No Exit From Exit Polls

Chatterbox is a turnout freak. He believes that the best barometer about the health of American democracy is the percentage of eligible voters who actually go to the polls. And if you were following the turnout numbers on election night and immediately thereafter, you came away with the reassuring news that 1998 was a pretty typical mid-term election.

On ABC’s prime-time election-night special, Peter Jennings intoned, “I was just looking at turnout figures. Our estimate is now that about 38 percent of eligible voters turned out. And as I look back at my graph here, that’s about the same as 1994, higher than 1990, higher than 1930.” That same 38-percent figure cropped up in Wednesday morning’s Washington Post. Dan Balz, one of the Chatterbox’s favorite political reporters, wrote, “Preliminary results by the Voter News Service indicated a 38 percent voter turnout this year, falling just slightly below the 38.8 percent turnout of the last midterm election in 1994. Since 1970, the voter turnout in midterm elections has fluctuated between about 37 percent and 40 percent.” And in Thursday’s New York Times, columnist William Safire waxed Panglossian over this turnout figure: “Despite hand wringing predictions of rampant apathy and turnoff, midterm turnout was 38 percent of the voting-age public. That is as high as the controversial Agnew-driven campaign of 1970.”

There was just one problem with this soothing authoritative analysis–it was completely wrong. The deceptive 38-percent figure was derived, as Balz reported, from the Voter News Service (VNS), the fancy name for the network-and-wire-service consortium that provides all the exit-poll results.

It wasn’t until Thursday that Curtis Gans, who heads the Committee for the Study of the American Electorate, released his own calculations based on actual vote totals rather than exit-poll data. And guess what? Turnout was actually 36.1 percent, the lowest figure for a mid-term election in 56 years. That’s a dramatic drop from 1970–the fire-and-brimstone year that Safire cited–when 46.8 percent of eligible voters went to the polls.

Why was everyone so off base? “The VNS doesn’t know how to analyze turnout,” says Gans. “The VNS has gotten it wrong almost every time.” Turnout was not the only slip-up by the exit-poll people. As Richard Morin reports in Friday’s Washington Post, the exit-poll numbers pointed to a dramatic upsurge in voting by union families, a statistic that had the AFL-CIO breaking out American-made champagne. But it turns out that the surge in union voters may have been largely due to a change in the wording of an exit-poll question. According to a memo by VNS editorial director Murray Edelman, “Much is being made of the increase in union votes from 1994 to 1998. This appears to be an artifact of our change in the form of the question.”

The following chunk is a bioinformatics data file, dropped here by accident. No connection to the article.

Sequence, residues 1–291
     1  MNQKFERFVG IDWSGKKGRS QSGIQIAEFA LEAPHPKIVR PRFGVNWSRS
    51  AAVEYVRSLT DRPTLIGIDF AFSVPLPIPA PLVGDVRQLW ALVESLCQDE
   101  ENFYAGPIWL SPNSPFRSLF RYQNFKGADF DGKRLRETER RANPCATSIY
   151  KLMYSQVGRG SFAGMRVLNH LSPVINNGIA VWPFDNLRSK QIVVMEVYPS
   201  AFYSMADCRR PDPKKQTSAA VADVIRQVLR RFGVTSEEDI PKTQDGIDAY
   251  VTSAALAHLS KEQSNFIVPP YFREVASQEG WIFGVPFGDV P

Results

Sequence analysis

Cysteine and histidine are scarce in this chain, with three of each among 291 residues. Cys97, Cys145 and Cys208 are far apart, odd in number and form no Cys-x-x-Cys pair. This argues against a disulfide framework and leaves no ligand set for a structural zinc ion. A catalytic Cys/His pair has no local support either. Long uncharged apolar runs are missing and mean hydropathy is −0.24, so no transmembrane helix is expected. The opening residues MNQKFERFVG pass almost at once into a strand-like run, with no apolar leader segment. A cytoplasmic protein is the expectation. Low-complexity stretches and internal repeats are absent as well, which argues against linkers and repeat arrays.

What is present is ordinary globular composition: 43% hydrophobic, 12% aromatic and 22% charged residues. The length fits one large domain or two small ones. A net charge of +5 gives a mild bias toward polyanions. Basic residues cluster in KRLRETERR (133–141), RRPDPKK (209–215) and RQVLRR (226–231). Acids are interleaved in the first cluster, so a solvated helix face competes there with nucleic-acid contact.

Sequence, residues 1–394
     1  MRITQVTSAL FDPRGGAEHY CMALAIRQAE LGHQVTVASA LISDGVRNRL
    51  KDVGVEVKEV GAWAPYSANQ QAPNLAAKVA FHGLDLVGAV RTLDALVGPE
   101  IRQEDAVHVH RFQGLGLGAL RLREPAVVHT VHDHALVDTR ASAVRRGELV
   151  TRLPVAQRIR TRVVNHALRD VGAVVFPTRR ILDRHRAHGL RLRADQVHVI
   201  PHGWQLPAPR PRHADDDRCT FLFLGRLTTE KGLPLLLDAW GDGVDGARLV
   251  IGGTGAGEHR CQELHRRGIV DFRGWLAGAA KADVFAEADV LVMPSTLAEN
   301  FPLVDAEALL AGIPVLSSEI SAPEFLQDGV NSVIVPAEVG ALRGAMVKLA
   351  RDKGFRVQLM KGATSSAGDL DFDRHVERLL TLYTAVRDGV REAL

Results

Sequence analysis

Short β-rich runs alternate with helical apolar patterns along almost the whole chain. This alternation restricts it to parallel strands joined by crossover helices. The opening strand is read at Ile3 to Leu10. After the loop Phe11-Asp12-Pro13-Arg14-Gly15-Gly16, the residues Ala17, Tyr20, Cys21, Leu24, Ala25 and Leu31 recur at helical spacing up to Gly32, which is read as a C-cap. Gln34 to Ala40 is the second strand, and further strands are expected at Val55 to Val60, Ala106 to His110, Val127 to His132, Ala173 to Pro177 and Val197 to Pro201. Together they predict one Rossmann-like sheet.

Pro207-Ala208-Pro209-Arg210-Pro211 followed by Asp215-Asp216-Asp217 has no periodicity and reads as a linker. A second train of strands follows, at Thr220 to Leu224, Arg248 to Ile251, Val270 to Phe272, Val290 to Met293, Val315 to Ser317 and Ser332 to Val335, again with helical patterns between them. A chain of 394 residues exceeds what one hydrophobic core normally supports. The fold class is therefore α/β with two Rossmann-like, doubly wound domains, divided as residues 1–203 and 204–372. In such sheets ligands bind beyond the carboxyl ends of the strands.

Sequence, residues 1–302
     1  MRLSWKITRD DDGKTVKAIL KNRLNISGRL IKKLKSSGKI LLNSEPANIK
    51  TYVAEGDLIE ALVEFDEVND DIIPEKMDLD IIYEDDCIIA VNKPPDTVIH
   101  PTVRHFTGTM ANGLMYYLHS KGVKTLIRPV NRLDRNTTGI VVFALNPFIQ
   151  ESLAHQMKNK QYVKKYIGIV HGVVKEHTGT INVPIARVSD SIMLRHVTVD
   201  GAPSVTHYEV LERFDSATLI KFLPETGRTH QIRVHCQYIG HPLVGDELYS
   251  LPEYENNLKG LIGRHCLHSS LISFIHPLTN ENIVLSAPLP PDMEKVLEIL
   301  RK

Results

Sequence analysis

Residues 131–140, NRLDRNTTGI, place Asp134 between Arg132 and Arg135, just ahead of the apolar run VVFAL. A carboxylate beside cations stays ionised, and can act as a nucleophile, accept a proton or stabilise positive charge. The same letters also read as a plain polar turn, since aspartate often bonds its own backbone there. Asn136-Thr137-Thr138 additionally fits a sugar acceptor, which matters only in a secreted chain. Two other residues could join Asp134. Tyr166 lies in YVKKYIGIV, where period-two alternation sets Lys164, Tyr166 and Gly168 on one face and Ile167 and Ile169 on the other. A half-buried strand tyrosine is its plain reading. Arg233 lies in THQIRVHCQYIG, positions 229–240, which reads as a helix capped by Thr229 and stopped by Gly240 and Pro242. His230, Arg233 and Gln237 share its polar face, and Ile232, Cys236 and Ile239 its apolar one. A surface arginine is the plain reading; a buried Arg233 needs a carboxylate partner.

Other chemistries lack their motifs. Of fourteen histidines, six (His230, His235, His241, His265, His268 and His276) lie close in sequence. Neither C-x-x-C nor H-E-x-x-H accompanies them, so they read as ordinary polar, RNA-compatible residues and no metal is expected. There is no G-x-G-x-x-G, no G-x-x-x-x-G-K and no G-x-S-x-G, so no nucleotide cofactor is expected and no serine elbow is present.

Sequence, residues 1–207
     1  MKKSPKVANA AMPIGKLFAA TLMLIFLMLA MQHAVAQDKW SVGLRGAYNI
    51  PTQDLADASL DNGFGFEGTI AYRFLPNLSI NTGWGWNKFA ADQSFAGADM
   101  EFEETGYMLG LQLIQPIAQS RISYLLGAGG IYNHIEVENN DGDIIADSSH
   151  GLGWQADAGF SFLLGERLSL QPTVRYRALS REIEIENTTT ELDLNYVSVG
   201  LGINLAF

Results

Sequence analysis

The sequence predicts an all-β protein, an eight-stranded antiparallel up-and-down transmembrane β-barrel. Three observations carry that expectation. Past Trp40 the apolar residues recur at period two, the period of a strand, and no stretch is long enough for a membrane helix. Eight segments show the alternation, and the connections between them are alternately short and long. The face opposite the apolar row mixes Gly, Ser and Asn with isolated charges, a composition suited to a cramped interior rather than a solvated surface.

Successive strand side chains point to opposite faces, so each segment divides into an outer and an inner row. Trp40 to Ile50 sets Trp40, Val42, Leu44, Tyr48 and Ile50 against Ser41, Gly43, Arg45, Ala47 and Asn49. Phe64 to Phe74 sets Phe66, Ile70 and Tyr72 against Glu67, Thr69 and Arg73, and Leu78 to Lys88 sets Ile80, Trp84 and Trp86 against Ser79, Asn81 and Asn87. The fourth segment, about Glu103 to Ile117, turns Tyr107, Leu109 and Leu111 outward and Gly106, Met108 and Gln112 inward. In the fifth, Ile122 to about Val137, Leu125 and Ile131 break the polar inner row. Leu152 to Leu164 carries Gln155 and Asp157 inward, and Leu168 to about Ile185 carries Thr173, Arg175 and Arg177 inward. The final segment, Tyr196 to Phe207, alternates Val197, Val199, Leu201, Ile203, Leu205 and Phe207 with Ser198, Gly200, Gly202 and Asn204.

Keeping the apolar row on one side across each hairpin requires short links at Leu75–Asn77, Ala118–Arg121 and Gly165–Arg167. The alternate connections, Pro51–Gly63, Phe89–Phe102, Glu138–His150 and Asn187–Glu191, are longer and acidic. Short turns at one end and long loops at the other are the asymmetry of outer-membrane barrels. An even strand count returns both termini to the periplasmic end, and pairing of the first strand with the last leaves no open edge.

The root of the problem is that journalists and political professionals have become so addicted to exit polls that they have lost other traditional methods of post-election analysis. In the old days, demographers like Richard Scammon could quickly glean trends from raw precinct-by-precinct vote totals. But that useful skill is now about as common as monks who can produce illuminated manuscripts. The sad result is that the political community is reduced to bowing before the exit-poll numbers as if they were the holy writ. But exit polls were designed to do just one thing–to quickly predict who will win individual elections. On that score, the record of VNS is exemplary. But the insatiable demands for instant information have forced the exit pollers to provide answers that go beyond the built-in limitations of the surveys. When the election-day weather is rainy or cold, for example, many voters, particularly the elderly, don’t stick around long enough to finish the entire exit-poll questionnaire. Such partial results can skew the results, especially about secondary matters like the demographic makeup of the electorate.

All this should serve as reminder that the only thing worse than no data is wrong data. And despite this stirring sermon, Chatterbox knows that justified journalistic skepticism about exit polls will again be completely forgotten on election night 2000.

Walter Shapiro